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Current Issue

Autumn 2020, Vol. 28 No. 3

Hong Kong J. Dermatol. Venereol. (2020) 28, 91-92


Editorial

Body art in Hong Kong: further studies needed

CK Ho 何正綱

Body art or tattooing is not a new entity. There is archaeological evidence of body art in Neolithic sites and tattooed skin has been found dating as far back as around 3000 BC. In Hong Kong, body art was prevalent among servicemen and sailors stationed in Hong Kong after World War II. Over the decades, the public perception of body art/tattoo has evolved from the negative, rebellious image, being associated with crime during the seventies and eighties, to the currently more artistic perception of the practice.

There have been studies on the attitudes of college students on body art. In a study of 595 college students, Owen et al reported that the self-identity effects of body art were to aid self-expression, to be oneself and to be unique.1 A higher number (greater than four) of body art parts/piercings was found to be associated with high-risk behaviour and emotional distress.2 On the other hand, there was no difference in terms of well-being between those with one to three tattoos and their non-body art peers. There have also been reports of an association between tattooing and sexual activity at an earlier age.2

How prevalent is body art in Hong Kong? There are no formal statistics on this. In this issue, Yau et al provide some information on body art in Hong Kong. Through a questionnaire survey of students studying medical and health sciences, we obtain an idea of the attitudes and the reasons for body art in this population. Their findings showed that the most common reasons for body art in this cohort were to be individualistic. This reflects an individualistic, independent mindset that is common among the younger generation. Although these findings are from a selected cohort of those with body art, it does give some insight into the current situation in Hong Kong. In this study, as these were students of the medical sciences faculty, most were aware of the risks of infections such as HIV and hepatitis B or C. However, the study found that many (66.5%) would choose to remove the body art if they were not happy with it, implying that they were not aware that body art may not be completely removable. Given that these were students of the medical sciences who possessed a higher level of medical knowledge, it would not be unreasonable to assume that the average non-medical population would be even less likely to be aware of these aspects of body art.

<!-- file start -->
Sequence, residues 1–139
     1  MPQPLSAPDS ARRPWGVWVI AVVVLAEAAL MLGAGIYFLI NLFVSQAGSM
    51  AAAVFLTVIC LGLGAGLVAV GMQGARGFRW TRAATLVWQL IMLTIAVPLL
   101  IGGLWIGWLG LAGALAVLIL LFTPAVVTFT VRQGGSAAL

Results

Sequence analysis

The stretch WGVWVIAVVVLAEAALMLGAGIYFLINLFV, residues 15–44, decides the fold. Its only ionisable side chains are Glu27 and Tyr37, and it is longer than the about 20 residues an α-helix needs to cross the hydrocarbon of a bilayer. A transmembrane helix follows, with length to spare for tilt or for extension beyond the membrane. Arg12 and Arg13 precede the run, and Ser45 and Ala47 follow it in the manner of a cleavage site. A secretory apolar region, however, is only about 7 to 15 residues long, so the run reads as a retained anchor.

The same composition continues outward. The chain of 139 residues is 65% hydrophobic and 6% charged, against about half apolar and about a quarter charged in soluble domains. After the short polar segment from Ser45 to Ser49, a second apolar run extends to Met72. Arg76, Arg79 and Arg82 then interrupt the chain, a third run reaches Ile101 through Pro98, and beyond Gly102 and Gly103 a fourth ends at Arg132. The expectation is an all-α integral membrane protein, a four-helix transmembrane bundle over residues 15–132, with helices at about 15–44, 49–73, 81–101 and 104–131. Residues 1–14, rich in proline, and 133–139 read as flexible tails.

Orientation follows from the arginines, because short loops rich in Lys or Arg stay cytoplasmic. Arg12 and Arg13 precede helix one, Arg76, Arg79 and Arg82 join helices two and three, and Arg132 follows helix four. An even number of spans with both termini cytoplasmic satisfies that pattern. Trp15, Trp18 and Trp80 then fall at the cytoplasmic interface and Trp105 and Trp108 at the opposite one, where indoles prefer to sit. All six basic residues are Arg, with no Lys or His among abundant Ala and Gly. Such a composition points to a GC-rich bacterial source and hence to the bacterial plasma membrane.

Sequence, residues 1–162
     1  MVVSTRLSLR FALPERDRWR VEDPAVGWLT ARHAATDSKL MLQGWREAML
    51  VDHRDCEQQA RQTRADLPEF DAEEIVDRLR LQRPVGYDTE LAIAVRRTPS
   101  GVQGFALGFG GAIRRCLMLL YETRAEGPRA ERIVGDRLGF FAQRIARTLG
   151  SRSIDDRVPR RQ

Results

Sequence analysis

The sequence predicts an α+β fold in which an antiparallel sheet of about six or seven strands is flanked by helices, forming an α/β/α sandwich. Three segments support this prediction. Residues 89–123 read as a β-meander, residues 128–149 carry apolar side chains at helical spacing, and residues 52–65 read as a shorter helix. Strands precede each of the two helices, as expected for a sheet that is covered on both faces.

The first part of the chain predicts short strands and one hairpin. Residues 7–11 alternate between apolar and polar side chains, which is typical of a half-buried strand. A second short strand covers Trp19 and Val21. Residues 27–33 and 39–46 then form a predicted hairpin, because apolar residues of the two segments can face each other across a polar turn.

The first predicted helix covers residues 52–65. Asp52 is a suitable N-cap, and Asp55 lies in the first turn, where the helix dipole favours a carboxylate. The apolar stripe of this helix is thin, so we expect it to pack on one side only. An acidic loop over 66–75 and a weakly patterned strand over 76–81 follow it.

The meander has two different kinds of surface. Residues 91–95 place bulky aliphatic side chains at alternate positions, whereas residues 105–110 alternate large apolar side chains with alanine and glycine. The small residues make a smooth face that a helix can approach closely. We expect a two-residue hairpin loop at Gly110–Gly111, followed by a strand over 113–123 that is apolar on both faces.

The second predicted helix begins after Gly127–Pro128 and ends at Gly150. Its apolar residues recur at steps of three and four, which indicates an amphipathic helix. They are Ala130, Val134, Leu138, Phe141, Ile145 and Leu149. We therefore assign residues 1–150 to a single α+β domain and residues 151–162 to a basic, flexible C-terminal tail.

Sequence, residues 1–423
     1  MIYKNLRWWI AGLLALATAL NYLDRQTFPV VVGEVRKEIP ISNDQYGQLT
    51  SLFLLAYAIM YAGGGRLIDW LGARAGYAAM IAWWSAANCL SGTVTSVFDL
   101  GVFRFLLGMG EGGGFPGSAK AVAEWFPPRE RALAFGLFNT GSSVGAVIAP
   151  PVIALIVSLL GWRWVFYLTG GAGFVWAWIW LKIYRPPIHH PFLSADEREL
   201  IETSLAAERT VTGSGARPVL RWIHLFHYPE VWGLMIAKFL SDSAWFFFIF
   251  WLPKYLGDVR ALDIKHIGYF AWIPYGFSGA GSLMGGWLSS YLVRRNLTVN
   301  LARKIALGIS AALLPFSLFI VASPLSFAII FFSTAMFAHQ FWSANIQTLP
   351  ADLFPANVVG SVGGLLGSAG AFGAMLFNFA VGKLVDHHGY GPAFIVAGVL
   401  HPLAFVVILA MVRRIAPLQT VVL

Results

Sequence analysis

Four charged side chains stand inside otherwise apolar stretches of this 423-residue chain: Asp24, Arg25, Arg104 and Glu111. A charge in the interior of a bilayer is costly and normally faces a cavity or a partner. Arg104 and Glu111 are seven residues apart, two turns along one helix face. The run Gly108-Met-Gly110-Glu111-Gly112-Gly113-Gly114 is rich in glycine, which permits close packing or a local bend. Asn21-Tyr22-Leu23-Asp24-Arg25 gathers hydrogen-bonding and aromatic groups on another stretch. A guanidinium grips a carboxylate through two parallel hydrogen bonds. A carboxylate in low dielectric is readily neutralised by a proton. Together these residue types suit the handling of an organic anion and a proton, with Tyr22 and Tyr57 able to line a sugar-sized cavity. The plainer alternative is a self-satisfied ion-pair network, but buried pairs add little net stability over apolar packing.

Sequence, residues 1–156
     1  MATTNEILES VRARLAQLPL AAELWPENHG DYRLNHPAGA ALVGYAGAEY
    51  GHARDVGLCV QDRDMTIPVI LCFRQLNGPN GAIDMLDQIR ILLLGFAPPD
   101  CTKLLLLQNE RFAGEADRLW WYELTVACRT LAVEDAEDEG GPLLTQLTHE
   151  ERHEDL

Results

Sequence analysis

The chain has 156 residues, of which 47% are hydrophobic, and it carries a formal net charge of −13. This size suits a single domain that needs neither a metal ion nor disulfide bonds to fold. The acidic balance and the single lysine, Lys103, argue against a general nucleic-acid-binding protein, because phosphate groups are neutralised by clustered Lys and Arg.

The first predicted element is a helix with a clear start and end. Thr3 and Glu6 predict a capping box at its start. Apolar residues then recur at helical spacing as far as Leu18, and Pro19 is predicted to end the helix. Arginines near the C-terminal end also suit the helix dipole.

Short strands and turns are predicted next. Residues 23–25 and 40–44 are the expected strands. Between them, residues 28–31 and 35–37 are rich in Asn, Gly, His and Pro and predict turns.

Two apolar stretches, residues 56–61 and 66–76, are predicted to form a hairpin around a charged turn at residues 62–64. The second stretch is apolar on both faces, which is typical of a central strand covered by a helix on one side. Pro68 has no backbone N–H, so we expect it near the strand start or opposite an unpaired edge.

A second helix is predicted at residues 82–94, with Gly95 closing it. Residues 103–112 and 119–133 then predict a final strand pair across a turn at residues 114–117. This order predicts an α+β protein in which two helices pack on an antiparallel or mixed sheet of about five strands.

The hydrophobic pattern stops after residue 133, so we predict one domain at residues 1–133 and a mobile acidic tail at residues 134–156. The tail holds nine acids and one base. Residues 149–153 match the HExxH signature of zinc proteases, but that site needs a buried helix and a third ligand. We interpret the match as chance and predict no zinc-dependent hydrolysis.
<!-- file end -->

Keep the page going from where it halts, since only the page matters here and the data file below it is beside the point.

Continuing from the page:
In this medical science student cohort who were conscious of the importance of hygiene, the most common venue for obtaining body art was the professional body art shop. Yet would this be true for all those who choose to undergo body art? It is perfectly possible that body art continues to be practiced in venues where hygiene is substandard with its inherent risks. We do not know the true situation yet. Compared to the West, data on the true prevalence, the prevalence of complications and after-effects of body art in Hong Kong are few. Further study into the actual situation are therefore important in order to prevent the transmission of infections and other complications. With the changing social perceptions of body art and it being more commonplace, this will become increasingly important.

As medical practitioners, we are in a position to advise on the risks and consequences of body art. In practice, we are most likely be requested for management the consequences of body art such as to remove a tattoo or treat complications such as scarring or contact dermatitis. Therefore, as body art is becoming more common, more information concerning its risks and importance of hygiene conditions during the body art process should be available, after which one can make one's decision whether or not to have body art.

CK Ho
何正綱

References

References

1. Owen DC, Armstrong ML, Koch JR, Roberts AE. College students with body art: well-being or high-risk behavior? J Psychosoc Nurs Ment Health Serv 2013;51:20-8.

2. Koch JR, Roberts AE, Armstrong ML, Owen DC. College students, tattoos, and sexual activity. Psychol Rep 2005;97:887-90.